The music supply company Sweetwater currently lists more than 70 fuzz pedals online. Over 10% are made by Electro-Harmonix, and most of those are variations on the Big Muff. You ask, “Do we really need that many fuzz pedals?” I say, “Do we need so many types of red wine?” You ask, “Okay but do we need so many different versions of the Big Muff (the EHX site currently lists 20)?” To which I answer, “Do we need so many Malbec’s?” You see where I am going with this? Even when broken down to a specific model by a specific company, the flavors of fuzz can vary significantly enough to warrant all these versions.
A comparison of the Triangle Big Muff with the Green Russian version reveals the Triangle to be more scooped in the mid range and possessed more gain. I found the Triangle version to be articulate even at high gain settings. The tone control was wide ranging from fizz to fat, with an interesting low mid boost at near full counter-clockwise.
If you like fuzz, you need to own at least one Big Muff style pedal. When you add all the clones to the ones available from EHX the decision can get, er, hairy. But with its pedalboard friendly size and iconic tone, the Triangle Big Muff just might be the one.
The Octavix (around $80) offers late 1960’s octave fuzz sound with some modern enhancements. Housed in EHX’s nano package, it features Volume, Boost and Octave knobs. Volume is, well, volume, Boost controls the amount of fuzz, and Octave adjusts the volume of the octave. A mini-toggle lets you choose between 9 or 24 volt power rails. At 9V you get classic sag, while 24V delivers a tighter sound and a richer octave.
For a device with a minimal number of knobs and a single switch, the Octavix delivered a surprising array of sounds. On one end, I could turn the octave sound completely off and revel in just its fat, slightly aggressive fuzz. The fuzz effect sounded big and juicy going into a clean amp and was also excellent for adding some nastiness to already slightly overdriven amps or overdrives.
On the other end, I could turn the fuzz almost all the way down and the octave all the way up. This accentuated the octave and I could add that effect to distorted amps and drive pedals, or create cool ring modulator style tones through a clean amp. Imagine all the variations at in between settings, then factor in that the 9 versus 24 volt settings sound and feel radically different, and you get a picture of this pedal’s versatility.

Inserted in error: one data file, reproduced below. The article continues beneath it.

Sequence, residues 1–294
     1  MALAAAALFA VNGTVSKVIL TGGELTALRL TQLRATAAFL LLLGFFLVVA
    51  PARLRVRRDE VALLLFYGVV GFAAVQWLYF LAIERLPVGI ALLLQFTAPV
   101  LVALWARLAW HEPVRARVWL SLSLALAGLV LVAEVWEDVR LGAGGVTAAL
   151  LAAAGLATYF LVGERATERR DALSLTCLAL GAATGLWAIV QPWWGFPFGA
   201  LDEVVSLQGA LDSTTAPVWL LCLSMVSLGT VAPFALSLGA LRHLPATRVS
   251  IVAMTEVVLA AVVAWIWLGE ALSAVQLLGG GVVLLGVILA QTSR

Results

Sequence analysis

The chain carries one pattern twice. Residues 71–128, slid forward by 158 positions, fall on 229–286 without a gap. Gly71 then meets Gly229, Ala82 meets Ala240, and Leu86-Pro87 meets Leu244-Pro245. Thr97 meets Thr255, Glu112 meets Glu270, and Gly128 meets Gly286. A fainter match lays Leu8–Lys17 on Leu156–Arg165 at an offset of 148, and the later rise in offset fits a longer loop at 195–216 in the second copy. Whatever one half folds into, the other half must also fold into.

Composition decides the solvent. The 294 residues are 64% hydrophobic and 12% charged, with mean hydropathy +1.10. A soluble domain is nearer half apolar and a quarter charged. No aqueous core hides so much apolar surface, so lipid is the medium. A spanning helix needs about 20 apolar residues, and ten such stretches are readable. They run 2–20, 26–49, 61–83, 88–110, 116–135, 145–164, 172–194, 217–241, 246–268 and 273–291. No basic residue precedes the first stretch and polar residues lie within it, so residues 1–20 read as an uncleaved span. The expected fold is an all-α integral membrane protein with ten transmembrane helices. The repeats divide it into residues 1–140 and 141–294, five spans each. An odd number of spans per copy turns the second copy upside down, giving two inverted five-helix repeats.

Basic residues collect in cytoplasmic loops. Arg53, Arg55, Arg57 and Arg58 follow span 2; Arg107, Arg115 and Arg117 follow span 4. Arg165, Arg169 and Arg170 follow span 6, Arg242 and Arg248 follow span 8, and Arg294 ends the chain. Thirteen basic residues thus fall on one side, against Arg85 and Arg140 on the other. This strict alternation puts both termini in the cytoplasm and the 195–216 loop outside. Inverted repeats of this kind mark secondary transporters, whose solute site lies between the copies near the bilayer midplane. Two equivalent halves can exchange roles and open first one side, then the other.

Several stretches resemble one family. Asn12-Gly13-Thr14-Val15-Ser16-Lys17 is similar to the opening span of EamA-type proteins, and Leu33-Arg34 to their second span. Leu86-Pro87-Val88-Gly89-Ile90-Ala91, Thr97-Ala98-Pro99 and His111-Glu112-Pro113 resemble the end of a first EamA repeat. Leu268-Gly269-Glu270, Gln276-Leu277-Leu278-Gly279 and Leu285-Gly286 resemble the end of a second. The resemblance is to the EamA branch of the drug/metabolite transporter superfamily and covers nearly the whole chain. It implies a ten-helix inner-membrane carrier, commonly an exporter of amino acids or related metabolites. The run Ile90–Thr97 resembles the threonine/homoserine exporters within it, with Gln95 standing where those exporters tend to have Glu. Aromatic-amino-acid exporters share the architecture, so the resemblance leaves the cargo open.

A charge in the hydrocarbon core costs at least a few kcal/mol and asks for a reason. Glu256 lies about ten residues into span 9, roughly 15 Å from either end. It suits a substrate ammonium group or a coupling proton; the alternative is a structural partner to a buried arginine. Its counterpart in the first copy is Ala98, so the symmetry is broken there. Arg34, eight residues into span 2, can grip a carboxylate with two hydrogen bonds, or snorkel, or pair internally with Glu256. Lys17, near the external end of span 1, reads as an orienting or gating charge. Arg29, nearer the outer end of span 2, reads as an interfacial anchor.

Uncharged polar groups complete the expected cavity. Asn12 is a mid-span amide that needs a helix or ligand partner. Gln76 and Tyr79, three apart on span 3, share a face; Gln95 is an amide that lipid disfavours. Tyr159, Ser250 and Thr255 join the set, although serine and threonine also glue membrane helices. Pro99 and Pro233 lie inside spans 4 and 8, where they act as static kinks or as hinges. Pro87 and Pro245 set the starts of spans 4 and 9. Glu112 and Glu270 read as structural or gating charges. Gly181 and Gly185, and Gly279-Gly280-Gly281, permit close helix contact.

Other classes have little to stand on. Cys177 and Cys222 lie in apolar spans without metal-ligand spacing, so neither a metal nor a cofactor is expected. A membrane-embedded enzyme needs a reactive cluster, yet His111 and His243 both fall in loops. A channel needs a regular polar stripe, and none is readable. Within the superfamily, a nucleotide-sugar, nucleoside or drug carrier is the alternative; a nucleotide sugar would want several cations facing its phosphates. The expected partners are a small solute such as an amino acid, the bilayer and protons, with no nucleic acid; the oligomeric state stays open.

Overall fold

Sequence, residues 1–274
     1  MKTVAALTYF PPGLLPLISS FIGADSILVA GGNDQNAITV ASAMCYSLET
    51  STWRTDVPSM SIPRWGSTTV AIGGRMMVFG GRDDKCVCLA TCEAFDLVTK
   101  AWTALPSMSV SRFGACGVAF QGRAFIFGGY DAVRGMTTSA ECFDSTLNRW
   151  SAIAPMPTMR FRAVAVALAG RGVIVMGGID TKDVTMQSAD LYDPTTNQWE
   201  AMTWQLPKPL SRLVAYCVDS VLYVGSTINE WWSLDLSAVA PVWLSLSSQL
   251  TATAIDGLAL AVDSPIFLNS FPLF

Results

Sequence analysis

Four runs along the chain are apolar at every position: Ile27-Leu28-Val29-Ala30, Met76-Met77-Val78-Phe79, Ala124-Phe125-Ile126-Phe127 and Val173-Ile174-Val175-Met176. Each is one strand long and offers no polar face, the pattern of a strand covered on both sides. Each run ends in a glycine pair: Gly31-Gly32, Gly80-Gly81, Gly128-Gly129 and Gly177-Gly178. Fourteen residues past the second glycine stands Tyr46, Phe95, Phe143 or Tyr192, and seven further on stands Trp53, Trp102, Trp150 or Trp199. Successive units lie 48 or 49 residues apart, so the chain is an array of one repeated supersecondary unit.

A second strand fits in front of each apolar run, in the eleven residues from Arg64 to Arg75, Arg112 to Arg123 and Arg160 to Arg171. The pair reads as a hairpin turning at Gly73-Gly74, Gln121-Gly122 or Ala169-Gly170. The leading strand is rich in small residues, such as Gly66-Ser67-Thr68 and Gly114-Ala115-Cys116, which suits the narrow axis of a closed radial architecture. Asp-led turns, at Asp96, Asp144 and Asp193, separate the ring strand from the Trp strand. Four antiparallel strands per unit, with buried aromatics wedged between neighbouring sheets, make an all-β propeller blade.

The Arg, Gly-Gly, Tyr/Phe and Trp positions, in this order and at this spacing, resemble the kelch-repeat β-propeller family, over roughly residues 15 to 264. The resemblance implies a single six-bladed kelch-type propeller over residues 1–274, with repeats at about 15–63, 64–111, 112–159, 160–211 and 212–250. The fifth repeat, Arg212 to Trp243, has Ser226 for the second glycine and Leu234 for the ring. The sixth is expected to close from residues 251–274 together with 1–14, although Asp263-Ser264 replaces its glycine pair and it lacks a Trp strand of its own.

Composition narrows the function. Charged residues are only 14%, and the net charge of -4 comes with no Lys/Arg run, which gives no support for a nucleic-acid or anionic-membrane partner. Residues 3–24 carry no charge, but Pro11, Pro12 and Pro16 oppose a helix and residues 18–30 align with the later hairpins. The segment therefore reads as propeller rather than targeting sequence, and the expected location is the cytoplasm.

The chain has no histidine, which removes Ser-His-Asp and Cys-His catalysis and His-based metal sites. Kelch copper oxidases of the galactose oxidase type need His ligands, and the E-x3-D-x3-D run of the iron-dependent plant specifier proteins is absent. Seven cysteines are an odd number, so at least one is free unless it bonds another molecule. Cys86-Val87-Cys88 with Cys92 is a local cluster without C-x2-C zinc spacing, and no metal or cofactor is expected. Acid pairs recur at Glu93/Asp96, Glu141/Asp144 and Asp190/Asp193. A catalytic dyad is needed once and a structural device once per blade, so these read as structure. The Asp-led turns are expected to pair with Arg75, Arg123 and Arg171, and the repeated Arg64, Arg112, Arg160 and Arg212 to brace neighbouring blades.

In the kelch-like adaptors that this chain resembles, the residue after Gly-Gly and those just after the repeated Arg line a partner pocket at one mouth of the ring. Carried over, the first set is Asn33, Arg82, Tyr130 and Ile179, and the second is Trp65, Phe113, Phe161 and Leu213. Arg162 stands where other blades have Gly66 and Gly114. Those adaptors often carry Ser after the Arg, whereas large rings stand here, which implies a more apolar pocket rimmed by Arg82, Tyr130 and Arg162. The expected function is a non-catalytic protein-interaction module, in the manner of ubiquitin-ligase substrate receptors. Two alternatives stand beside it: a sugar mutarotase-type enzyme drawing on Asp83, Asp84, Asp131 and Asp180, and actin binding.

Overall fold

The Electro-Harmonix Octavix seemed to slip in under the radar when it was released. Too bad, because it offers a wealth of fuzz and octave fuzz sounds, from classic to modern at an economical price point, earning it a Guitar Moderne Great Gear Award.
Keeley Rotten Apple
The Keeley Rotten Apple OpAmp Fuzz Pedal ($149) is less noisy than their Dark Side fuzz while increasing the gain dramatically. The three-way tone voice toggle gives you a scooped sound when switched left, a fuller sound in the middle and is flat when on the right. Though based on a Muff-style op-amp, it is a very different beast than the Electro-Harmonix classic. Through most of its gain range the Rotten Apple had more of a distortion pedal sound than the woolier tones of a fuzz. It is only at the clockwise end of the Buzz knob that it started to, er, buzz. Though emitting largely the smoother dirt of a distortion pedal, the Rotten Apple offered the dynamic feel of an overdrive or germanium fuzz, though the guitar volume clean-up presented more gradual degrees of smooth overdrive than the usual quick Fuzz Face fall off. At medium distortion settings, in Full switch position, the pedal proved great for slide, providing more sustain than many other fuzz pedals at those settings. Though videos abound, I suggest trying one yourself, because this pedal is as much about feel as sound.
Ultimately, there is nothing rotten about the Rotten Apple. In its smooth, controlled way it is a terrific grit machine, with a tone of its own.
Crazy Tube Circuits Constellation
The Constellation ($289) is a multi-mode germanium fuzz/booster inspired by vintage British fuzz boxes. The pedal features three zero leakage, New Old Stock Valvo, OC45 Black Glass, germanium transistors hand selected for performance and consistency. A switching circuit lets you select among six settings. “FF” is inspired by the Dallas Arbiter Fuzz Face. “VTB” recalls a Vox ToneBender, with a brighter sound and tamer low end. The “3/2” setting apes the Sola Sound Tone Bender Mk 1.5, often described as a darker and heavier Fuzz Face. The selection marked “2” goes after the Sola Sound Tone Bender MkII vibe, a wild saturated fuzz with lots of sustain. “RM” is named for the Dallas Rangemaster, which was typically used to increase the gain, and sustain of already overdriven tube amplifiers. Finally, “RMFF” offers a custom combination of a treble booster and Fuzz Face.